December 29, 2004

on abandoned trees and auld lang syne

My heart grew heavy this morning as trees stripped bare of their decorations awaiting the wood chipper littered my path to the subway. I expect more of the same in the coming days and frankly, it depresses me. Sometimes a lone bit of tinsel still clings to a branch further eliciting my pity. What once contributed to a cozy, comforting and festive display now seems sad, lonely and pathetic. I genuinely adore the Christmas blitz but the post-holiday schrapnel, the bombed-out looking store aisles and barren shelves sporting those yellow and red half-price tags make me sad and wistful. Don't even get me started on the premature stocking of Valentine's Day crap. It makes me absolutely cranky.

However, in an effort to extend the shelf-life of my holiday spirit and make this blog somewhat educational, I'm going to give you a wee lesson in how the Scottish folk celebrate the New Year (also known as Hogmanay). By singing "Auld Lang Syne," you're already gettin' your Scottish on somewhat but here are a few more tidbits in case you want to inject some more of my people's traditions into your festivities.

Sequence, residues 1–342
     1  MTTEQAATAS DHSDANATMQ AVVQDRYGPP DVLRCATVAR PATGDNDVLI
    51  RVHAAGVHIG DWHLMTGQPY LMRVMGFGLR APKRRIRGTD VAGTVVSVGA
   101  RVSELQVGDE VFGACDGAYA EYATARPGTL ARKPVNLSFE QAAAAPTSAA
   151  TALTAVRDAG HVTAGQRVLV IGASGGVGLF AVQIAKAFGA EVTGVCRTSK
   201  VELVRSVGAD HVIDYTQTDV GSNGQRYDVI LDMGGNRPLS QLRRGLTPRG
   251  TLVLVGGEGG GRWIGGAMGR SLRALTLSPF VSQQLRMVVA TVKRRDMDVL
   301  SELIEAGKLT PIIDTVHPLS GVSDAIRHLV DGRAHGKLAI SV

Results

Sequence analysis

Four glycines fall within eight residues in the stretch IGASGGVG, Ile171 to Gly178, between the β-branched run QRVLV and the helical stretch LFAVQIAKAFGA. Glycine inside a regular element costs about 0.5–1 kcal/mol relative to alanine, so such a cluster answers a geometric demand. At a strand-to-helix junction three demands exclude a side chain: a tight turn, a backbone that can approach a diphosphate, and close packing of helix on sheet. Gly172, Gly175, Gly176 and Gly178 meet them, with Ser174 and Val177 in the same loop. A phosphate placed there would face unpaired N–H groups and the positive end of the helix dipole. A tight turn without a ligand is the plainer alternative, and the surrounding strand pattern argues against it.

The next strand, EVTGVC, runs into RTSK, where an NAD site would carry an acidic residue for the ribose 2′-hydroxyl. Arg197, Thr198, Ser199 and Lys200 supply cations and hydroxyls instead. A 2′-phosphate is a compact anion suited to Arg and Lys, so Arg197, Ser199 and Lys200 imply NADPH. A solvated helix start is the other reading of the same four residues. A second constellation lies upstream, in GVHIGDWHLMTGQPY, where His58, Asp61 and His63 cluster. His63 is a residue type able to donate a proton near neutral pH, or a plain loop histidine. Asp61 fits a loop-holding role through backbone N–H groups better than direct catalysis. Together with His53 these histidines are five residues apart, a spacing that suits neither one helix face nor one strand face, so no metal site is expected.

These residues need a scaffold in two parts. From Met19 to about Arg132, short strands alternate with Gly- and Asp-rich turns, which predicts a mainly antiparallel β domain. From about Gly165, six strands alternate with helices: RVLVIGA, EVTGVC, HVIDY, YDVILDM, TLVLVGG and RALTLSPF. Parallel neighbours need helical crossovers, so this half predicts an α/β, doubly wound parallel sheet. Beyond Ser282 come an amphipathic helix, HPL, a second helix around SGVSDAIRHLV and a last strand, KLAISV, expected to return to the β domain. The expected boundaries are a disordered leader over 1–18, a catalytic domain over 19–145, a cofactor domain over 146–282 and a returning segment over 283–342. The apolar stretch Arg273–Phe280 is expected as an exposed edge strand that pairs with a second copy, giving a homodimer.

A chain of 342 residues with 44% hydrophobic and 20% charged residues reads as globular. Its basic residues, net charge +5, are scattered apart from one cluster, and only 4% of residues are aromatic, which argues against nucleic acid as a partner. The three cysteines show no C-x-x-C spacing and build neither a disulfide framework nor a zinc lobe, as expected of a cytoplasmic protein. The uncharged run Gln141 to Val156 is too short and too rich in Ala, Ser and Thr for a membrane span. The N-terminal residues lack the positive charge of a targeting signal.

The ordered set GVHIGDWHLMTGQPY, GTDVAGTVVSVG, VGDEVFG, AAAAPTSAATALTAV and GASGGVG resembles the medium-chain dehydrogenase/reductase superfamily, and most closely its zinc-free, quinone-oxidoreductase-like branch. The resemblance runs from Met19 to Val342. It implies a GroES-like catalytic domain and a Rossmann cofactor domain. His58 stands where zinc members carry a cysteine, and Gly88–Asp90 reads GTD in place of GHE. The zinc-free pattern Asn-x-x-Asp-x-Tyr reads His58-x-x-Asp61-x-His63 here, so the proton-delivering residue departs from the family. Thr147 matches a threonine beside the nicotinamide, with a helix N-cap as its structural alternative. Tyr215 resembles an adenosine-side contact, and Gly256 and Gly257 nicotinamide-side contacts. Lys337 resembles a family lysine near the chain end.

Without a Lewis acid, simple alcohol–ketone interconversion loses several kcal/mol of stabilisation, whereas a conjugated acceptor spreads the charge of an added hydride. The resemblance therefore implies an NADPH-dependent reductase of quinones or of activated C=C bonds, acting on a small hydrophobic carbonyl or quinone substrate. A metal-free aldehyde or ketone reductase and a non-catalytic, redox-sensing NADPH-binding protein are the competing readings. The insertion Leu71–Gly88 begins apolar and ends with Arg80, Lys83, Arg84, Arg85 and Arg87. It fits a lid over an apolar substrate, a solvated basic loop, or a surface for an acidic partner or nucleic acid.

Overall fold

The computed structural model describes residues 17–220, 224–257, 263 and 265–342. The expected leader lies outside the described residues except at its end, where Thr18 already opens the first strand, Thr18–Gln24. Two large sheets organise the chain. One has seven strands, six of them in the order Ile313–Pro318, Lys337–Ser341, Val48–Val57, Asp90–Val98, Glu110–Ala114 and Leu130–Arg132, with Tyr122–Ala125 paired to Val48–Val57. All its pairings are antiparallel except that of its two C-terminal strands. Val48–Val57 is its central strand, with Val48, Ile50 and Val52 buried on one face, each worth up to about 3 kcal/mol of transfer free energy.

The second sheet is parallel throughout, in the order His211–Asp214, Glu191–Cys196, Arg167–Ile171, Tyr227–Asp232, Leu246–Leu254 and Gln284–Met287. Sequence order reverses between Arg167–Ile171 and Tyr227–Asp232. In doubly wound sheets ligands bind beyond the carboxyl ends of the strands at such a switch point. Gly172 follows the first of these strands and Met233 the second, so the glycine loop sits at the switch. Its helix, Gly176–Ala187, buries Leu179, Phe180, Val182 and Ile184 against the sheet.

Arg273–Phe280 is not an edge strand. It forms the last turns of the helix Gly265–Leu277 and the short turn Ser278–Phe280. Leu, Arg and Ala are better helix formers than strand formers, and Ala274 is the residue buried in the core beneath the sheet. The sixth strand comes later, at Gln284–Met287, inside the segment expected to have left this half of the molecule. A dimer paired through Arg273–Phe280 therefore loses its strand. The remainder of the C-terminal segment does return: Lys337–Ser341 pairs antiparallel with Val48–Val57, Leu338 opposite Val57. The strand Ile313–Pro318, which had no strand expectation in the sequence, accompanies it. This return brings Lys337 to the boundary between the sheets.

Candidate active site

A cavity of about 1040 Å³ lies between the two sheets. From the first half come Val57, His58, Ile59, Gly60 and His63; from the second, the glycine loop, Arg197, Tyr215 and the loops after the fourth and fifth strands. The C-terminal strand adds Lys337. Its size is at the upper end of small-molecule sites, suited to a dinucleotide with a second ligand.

After the clock strikes 12, people throughout Scotland visit family and friends bearing gifts of food and drink in a tradition called "first footing." Ah, but there's a catch... not just anyone is welcome to pass through the threshold. I mean, everyone is welcome to visit but ideally, the "first foot" through the door should belong to that of a dark-haired man. Anything less is considered bad luck. My father, in his younger days, had hair as black as pitch and was promptly ordered by my Granny to exit and enter the house at midnight. Feel free to shove your favorite brunette or raven-haired fella out into the cold to keep up the tradition. If he complains, I got your back.

So, to you and yours, I wish you a very Happy New Year. And remember... if it's not Scottish, it's CRRRRRRRRRRRRRRRRRRRRRRRAP!